• Q&A night.
      Invite members and encourage them to bring along non-members to answer questions and find out more about how the club works and spends their membership fees etc.
    • Host Charity Rides.
      Organise charity rides where members and non-members can participate to raise funds for a good cause, thereby improving community engagement and attracting new members.
  • Technology
    • SEO.
      Optimise your club's website for search engines so your club is displayed when local riders search for related topics.
    • Responsiveness.
      Ensure that your website functions well on mobile devices as a large proportion of potential members will be on mobile.
    • Online advertising.
      This is a complex topic and we will release a future article about this.
  • Marketing
    • Social Media Marketing.
      Utilise social media platforms to showcase the benefits and experiences of being a member of your club. Sharing images, videos, and stories from current members can help in attracting new members.
    • Influencer Marketing.
      Collaborate with local or industry-specific influencers such as top athletes to promote your club on social media platforms. Also ask your followers to # tag your organisation when they’re out enjoying your trails. It’s a great way to gather free content that can be really great.
    • Merchandise.
      Promote your organisation by creating merchandise that people want to buy and wear with pride, helping with club visibility and desire to be part of the club.
  • Collaborations with other organisations
    • Local Businesses.
      Partner with local bike shops, cafes, breweries or other businesses to offer discounts to your club members. In return, these businesses could promote your club to their customers. Ensuring that members perceive a high value in their membership will aid in retention. Core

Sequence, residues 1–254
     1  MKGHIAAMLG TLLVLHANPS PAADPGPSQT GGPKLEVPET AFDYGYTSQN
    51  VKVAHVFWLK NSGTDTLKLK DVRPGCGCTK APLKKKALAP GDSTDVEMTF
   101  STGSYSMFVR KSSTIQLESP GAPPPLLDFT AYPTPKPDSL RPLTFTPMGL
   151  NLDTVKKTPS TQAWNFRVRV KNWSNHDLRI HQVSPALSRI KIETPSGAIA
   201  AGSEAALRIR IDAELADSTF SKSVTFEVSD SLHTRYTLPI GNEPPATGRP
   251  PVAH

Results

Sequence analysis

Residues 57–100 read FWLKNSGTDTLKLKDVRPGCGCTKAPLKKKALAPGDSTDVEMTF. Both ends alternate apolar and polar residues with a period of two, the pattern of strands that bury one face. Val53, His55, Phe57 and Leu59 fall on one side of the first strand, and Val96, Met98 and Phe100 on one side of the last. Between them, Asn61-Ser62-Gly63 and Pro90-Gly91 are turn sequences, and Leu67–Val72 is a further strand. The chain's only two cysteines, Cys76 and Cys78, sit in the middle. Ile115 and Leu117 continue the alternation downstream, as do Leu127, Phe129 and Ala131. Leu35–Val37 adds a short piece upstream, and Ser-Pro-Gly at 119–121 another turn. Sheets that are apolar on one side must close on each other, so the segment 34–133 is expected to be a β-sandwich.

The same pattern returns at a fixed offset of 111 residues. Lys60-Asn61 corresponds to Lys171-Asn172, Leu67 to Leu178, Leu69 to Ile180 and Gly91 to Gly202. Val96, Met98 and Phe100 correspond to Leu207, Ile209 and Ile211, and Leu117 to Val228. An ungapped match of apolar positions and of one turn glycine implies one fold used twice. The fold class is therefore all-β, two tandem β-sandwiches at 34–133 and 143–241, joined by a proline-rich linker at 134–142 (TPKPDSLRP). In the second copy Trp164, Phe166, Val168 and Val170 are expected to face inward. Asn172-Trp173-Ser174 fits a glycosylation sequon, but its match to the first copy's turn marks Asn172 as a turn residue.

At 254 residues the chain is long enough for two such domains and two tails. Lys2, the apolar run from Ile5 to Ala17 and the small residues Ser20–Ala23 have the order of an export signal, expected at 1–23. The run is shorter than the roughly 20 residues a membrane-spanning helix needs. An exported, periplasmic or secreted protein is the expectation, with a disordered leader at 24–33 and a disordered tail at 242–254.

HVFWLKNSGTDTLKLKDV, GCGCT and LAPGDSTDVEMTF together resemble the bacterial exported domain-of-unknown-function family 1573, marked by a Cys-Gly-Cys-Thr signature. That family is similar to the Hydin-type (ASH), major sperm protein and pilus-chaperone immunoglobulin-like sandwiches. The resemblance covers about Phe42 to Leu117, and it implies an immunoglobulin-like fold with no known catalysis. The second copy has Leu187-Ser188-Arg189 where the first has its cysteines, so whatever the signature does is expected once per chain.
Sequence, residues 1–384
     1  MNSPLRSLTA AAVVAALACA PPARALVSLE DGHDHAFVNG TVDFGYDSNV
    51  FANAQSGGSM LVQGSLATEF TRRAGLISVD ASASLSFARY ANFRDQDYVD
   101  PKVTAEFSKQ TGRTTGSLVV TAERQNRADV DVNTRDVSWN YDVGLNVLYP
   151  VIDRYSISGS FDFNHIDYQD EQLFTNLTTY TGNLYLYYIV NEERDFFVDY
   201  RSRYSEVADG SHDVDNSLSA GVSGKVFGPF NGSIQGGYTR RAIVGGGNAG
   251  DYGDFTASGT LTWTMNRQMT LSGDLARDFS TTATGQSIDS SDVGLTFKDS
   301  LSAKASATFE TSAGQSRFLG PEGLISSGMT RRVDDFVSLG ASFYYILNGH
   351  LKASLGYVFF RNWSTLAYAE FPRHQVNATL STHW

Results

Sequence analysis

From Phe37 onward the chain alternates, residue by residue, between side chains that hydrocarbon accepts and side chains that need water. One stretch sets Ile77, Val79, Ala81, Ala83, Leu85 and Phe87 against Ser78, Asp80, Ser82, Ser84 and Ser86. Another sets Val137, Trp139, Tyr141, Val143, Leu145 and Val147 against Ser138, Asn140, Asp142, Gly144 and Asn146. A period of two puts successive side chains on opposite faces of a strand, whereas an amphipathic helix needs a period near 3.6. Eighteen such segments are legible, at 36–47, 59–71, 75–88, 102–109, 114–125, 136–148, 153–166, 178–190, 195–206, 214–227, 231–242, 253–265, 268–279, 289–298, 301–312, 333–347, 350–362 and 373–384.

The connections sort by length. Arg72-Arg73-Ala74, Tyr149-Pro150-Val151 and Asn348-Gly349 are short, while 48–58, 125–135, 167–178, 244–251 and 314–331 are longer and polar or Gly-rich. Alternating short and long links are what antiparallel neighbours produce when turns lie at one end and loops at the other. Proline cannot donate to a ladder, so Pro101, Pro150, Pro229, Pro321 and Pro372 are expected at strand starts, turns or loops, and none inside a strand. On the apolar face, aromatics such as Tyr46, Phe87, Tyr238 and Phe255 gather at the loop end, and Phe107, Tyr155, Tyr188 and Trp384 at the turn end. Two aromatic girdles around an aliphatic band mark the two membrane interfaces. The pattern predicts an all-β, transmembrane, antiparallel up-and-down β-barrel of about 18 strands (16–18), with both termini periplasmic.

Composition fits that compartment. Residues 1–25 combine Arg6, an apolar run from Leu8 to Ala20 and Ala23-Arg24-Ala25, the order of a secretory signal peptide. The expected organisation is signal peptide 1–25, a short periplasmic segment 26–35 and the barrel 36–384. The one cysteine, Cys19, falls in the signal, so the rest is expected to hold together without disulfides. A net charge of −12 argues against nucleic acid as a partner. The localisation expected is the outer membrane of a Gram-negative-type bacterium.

• Work with Tourism Boards.
      Collaborate with local tourism boards to promote your club as a part of the local adventure tourism scene which could attract visiting enthusiasts.
    • Engage with Local Government.
      Engage with local governmental bodies to promote mountain biking as a healthy recreational activity and explore possibilities for support or promotion through city channels.
    • Run partner events
      or information nights with other non-profits who may have aligned interests; i.e: conservation, replanting or trapping.
    • Collaborate on trail projects
      with other trail relevant organisations (where applicable), to create an overall more comprehensive, stronger trail network.
  • Competitions
    • Raffle / lottery.
      Set up a members only competition. E.g. 3+ consecutive years of membership, go in the draw to win a bike, or twice yearly draws from the membership pool to win a prize or a coaching session etc.
    • Milestone prizes.
      Promote membership milestones and offer prizes to new sign ups. Close to a milestone e.g. 1000 members. Offer a prize for the 1000th member.